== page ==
Happy Mother’s Day: A lipogram without the letter E

mommy-girl-brunetteA light pink mouth lifts upwards, a smiling pink mouth that laughs with joy as I try to mimic your motions. Your arms form a warm crib that I crawl into. You laugh again, and I do, too. I don’t know why, but I am happy.

At six, I am still happy. You and I probably look outlandish to visitors—two girls playing with dolls; two girls trying to cook; two girls having way too much fun window-shopping and trying on shirts in a tiny fitting room. But tomorrow morning, you will transform into a lady as you go to work. I think it’s magic. In your outfit, you do look sort of scary; an air of adulthood and authority surrounds you . I don’t worry, though, for tonight you will transform into a young girl, and  I know you will play ‘animals’ again.

Now, I am as tall as you, but I would not turn down any opportunity to call you my idol, my ally and my companion. Thanks, Mom, for always loving and supporting this crazy child. And though I may act annoying by running around trying to hug you as you cook to avoid studying for a physics quiz, I am so happy to call you my mom. 🙂

A little piece of a great big soul

Three years of high school has gifted me with three years of English, but English III AP has by far been my favorite English class.

Certainly, there were times when I didn’t want to finish reading the assigned readings or didn’t start my papers until the night before, but this class has greatly helped build my skills not just in writing, but in speaking and thinking. I remember reading through my essays from freshman and sophomore year just a few weeks ago, and then rereading my rhetorical analysis of Jaws and Lincoln’s 2nd inaugural address and thinking how cringeworthy some of my sentences from the former essays were… This year, I’ve written some of what I proudly call my best papers, and even my timed writings have gotten significantly better, thanks to the frequency of them. But most importantly, this class promised to expand my mind, promised me that I would physically feel my brain stretch, and it did that and even more.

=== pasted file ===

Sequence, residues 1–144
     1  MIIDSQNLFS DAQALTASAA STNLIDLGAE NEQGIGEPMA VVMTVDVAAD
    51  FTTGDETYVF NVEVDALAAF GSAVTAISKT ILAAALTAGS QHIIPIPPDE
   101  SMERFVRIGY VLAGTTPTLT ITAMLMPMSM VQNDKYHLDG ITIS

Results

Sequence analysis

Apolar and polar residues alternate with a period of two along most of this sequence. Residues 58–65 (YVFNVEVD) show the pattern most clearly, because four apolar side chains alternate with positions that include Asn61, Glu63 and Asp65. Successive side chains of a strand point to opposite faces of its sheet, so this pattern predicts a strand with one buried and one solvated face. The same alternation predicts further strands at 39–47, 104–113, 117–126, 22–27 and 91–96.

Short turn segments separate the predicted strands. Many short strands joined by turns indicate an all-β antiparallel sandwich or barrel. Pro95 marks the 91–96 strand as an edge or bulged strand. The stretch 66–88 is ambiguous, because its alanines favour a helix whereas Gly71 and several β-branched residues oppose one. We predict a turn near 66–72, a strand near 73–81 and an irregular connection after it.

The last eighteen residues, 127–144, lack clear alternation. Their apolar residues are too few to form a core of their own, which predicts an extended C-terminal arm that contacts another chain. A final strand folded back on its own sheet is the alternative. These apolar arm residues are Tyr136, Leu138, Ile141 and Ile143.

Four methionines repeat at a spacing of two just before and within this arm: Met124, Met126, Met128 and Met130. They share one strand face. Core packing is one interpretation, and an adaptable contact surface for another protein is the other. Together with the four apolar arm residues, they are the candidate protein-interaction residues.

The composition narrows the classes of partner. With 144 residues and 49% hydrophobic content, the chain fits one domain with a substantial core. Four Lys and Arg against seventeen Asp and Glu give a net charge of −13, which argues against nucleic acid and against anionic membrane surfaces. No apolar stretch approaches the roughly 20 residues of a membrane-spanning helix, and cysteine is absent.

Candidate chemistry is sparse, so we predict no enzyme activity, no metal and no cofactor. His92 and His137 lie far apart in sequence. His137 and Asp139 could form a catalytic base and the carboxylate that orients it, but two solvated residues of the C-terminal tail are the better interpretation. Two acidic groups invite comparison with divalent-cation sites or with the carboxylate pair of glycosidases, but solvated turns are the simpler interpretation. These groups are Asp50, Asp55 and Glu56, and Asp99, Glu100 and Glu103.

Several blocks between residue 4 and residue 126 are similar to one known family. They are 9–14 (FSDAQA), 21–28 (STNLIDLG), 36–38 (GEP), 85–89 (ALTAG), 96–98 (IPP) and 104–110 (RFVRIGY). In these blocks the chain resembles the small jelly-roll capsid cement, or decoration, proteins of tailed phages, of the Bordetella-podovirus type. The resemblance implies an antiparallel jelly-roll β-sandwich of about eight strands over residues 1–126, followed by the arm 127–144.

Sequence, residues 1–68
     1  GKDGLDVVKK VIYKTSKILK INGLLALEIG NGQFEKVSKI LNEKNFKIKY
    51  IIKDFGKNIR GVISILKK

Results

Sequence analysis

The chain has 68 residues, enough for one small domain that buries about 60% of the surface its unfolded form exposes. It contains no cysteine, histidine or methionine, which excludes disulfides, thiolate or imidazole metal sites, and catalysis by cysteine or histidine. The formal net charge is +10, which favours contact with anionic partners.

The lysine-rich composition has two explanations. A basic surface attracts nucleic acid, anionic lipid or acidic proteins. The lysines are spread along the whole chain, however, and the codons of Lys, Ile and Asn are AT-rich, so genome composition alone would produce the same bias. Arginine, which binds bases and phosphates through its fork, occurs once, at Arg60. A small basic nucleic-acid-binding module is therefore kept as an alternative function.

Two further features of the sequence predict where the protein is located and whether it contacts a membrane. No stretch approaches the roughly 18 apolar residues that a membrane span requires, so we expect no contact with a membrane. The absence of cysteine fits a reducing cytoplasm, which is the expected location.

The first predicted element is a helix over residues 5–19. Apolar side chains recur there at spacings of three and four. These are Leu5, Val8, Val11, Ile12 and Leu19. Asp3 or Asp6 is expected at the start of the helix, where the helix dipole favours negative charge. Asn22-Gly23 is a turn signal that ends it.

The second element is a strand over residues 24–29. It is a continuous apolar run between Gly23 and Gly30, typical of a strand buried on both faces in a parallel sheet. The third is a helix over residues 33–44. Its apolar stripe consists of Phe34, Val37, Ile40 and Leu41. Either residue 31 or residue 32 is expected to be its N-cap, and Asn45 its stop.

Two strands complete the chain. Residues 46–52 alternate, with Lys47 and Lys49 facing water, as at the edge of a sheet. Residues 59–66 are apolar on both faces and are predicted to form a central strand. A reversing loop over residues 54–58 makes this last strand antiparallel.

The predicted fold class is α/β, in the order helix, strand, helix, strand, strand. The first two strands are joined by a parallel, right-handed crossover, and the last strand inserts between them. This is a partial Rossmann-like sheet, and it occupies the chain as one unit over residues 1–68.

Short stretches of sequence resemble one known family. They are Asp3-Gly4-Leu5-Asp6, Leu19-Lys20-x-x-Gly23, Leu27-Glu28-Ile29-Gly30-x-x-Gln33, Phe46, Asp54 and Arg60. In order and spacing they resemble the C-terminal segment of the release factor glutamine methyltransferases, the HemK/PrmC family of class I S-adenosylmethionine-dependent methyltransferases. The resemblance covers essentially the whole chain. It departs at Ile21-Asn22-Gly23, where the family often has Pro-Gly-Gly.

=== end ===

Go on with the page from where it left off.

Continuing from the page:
This year (because I’ve been so stressed 😛 ), I’ve started writing quotes in a little notebook every day. Most of these quotes come from the books that we’ve read this year, from Invisible Man to Grapes of Wrath to Emerson’s essays. So I know we weren’t supposed to write about “the books [we] read this year,” but I have to say this year’s selection of novels was fantastic. It was these quotes from the pieces of writing that I read that kept me afloat this year, and it wouldn’t be fair if I didn’t mention how much these books meant to me. Perhaps it was a combination of the specific novels or the class itself that allowed me to fully delve into the novels and pick out these quotes.

Lastly, this blog, though it oftentimes kept me up until 1 in the morning (mostly because I’d forget about it or I couldn’t think of anything to write), has been a fun experience this year, and I do hope that it continues to be an opportunity for future English III AP students. For once, my writing isn’t only read by my teacher, my fellow T-rex table-mates and myself, but people from more than fifty countries.

So to wrap up, thank you English III AP and Lindner. Y’all helped me find my voice, my style and my own mind. I’ll leave you with my favorite quote this year…

“He went out in the wilderness to find his own soul, an’ he foun’ he didn’t have no soul that was his’n. Says he foun’ he jus’ got a little piece of a great big soul”
~John Steinbeck, Grapes of Wrath


For we are all unwritten

Transcendentalism, a philosophical movement that began in the early 1800s, is the belief that all people are, as individuals, pure and good. However, transcendentalists also believe that society and its institutions will ultimately pollute the integrity of these individuals. The core beliefs of this movement are rooted in nature and individualism: only when one breaks away from the chains of society and mass culture to find peace and independence through nature can they truly “transcend.” Led by figures such as Ralph Waldo Emerson, Henry David Thoreau and Walt Whitman, the movement was among the earliest American intellectual movements, yet quickly died down after the late 1800s.